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Strike Watch: Heeeere's Jon… and Jay… and Dave?

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News flash: the late-night TV hosts, the New York Post reports, may be coming back before the writers’ strike is over. Newsier flash: they may actually do so with their striking writers’ blessing.

How will they manage that? For starters, by not having acted like absolute tools to the writers who make their shows possible.

For those of you who missed it, Rebecca Winters Keegan has an update on the strike at time.com, where she writes that the directors’ guild could create some movement by starting to negotiate their own contract next month. But the story also shows that the writers’ and studios’ sides have gotten more, not less, acrimonious toward each other, with the guild accusing the producers of lying and the studios issuing ever-more-pissy memos attacking the writers. All of which makes me wonder: do any of these people realize they all have to work together again when this thing is over?

David Letterman–who’s not just a writer but a host and producer and businessman–does, which is probably a big reason that he’s been paying writers out of his own pocket since the strike started. Some of his peers, like Jimmy Kimmel and Jay Leno, have reportedly also dug deep to help their writers, and now that the shows are contemplating coming back, at least some writers evidently think that would be a good thing. “Dave Letterman on the air without writers and pissed off about it would be as powerful as anything we [union members] can do,” Late Show writer Bill Sheft tells the Post. “He will rail nightly at the greedy pinheads that put him in this position.”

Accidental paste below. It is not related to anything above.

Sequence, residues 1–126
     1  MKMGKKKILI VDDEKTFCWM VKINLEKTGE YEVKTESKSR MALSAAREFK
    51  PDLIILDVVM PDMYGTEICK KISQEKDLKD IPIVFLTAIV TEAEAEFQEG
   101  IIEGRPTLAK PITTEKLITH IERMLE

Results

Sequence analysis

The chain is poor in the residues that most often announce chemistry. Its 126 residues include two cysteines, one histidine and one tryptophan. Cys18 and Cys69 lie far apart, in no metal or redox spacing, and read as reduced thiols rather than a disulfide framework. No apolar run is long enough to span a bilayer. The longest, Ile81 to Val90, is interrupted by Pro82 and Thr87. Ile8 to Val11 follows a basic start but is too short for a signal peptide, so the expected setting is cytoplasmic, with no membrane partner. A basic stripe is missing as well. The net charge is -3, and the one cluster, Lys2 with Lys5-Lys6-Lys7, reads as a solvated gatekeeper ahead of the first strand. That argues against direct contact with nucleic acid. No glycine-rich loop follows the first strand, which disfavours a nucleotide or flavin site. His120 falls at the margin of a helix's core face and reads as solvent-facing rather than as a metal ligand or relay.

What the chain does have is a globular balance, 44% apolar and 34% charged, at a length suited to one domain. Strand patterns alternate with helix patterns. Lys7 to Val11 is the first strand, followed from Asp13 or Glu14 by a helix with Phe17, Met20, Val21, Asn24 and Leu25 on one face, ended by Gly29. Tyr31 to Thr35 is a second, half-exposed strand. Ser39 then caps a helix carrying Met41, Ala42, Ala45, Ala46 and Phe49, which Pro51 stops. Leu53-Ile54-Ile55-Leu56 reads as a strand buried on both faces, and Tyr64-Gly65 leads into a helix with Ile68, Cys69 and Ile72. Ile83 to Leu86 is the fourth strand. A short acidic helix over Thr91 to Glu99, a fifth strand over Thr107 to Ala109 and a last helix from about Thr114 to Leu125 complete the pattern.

That’s essentially what Letterman did in 1988, during the last writers’ strike, when he was on NBC. The difference now is that he’d have even more late-night company to rail with him.

As I’ve said before, I’m unfortunately not convinced that public opinion is going to have any effect one way or another on the strike–except public opinion in the form of ratings–because passionate appeals are only slightly more effective against publicly-traded companies as they are against robots. But it can’t hurt, I guess, and getting Dave and Jon to protest for you on The Man’s airspace may be more effective than any number of picket lines. Sometimes, maybe, the best way to fight against Big TV is with more Big TV.